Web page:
- Are all necessary contacts implemented? You know, it’s quite easy to miss something in a big model. That may result in an unstable model… just like an error in meshing or boundary conditions. This is why it’s good to be extra careful here… as finding a mistake in a model can take some time!
- Are good regions used? Contact is usually defined between regions, parts or however your soft calls this. It’s great to be extra sure, that we selected the proper areas : )
- Are region directions correctly defined? When you assign contact it can be assigned from a “positive” or “negative” side of a surface. It’s good to check if you are not trying to connect an outside part from the inside of our model!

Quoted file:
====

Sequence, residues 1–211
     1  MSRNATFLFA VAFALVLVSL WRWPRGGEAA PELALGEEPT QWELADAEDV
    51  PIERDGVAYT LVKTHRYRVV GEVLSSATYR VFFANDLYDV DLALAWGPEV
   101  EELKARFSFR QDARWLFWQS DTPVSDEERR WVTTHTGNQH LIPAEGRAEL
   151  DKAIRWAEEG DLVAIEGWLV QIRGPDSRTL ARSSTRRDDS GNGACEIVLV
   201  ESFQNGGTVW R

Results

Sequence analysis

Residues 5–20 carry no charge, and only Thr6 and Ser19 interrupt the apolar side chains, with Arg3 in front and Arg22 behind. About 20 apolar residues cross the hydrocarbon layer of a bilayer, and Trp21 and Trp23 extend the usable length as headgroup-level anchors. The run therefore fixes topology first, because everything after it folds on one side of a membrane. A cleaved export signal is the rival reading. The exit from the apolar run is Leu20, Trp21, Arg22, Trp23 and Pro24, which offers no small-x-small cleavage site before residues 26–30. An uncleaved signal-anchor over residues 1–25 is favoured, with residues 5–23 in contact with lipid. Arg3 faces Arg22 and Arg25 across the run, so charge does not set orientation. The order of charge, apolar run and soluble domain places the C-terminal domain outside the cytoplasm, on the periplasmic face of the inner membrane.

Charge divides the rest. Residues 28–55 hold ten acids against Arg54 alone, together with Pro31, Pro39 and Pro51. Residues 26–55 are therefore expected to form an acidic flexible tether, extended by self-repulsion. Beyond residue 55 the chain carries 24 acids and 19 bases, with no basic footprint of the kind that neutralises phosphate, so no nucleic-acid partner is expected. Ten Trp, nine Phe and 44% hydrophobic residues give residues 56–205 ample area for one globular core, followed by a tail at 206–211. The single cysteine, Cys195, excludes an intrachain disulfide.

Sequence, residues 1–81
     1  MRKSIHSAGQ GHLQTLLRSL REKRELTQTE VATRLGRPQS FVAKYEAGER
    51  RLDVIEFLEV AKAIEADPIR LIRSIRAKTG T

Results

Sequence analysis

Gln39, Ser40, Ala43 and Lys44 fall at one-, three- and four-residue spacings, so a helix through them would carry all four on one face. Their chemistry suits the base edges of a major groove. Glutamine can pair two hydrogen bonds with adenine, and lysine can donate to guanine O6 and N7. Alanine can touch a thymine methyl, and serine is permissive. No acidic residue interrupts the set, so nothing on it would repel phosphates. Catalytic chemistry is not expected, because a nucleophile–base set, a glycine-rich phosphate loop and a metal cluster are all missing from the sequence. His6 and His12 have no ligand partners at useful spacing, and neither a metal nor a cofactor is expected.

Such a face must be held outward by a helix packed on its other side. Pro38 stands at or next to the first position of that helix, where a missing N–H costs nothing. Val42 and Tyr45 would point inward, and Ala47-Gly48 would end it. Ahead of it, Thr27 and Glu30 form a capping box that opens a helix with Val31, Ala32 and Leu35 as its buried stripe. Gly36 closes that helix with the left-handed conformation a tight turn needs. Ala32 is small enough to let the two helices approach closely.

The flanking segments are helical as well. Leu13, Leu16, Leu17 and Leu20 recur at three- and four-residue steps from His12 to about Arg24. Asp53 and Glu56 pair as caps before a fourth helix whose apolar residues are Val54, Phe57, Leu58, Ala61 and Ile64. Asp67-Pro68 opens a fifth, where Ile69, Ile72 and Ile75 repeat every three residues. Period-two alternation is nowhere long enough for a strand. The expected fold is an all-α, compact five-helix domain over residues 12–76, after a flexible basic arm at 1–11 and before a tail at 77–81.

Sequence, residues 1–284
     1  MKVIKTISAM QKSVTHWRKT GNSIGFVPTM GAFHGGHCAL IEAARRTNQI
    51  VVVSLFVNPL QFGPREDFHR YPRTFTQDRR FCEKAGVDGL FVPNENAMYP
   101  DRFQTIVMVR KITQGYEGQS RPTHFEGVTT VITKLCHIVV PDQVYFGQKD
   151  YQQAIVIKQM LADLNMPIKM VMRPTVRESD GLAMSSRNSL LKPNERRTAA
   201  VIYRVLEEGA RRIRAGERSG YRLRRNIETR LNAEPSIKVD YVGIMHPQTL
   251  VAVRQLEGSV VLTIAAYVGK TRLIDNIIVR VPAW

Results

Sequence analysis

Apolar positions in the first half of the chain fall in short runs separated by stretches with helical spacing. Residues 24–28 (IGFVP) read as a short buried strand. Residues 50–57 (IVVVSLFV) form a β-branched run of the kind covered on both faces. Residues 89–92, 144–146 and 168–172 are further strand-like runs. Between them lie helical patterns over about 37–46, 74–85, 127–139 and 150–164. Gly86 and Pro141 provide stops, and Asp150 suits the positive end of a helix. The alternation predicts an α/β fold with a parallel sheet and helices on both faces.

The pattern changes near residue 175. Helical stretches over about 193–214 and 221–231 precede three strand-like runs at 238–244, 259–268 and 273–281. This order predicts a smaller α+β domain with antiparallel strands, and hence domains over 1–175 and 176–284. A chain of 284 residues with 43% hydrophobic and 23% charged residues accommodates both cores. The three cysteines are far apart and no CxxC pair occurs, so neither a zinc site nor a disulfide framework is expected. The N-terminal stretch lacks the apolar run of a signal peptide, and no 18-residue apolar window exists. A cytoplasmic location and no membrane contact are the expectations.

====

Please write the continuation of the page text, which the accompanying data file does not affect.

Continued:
- Are good offsets assigned? In various occasions, contact won’t happen where the surface is, but in some distance away from the surface (in the “positive” or “negative” direction, as discussed above). This is commonly referred to as offsets. It would be great if those would be correctly defined!
- Initial penetration! Usually, I don’t have models that could generate those, but if I have, I’ve learned to think about it. Sometimes “pushing a model outward” to reduce the initial penetration can (in itself) create insane stresses and strains in your model. By default, I simply elect to ignore the initial penetration, unless there is a good reason not to do so!
Last few lines
I hope you found this useful! If you did please give me a favor and share this posts with your friends and colleagues that might be interested!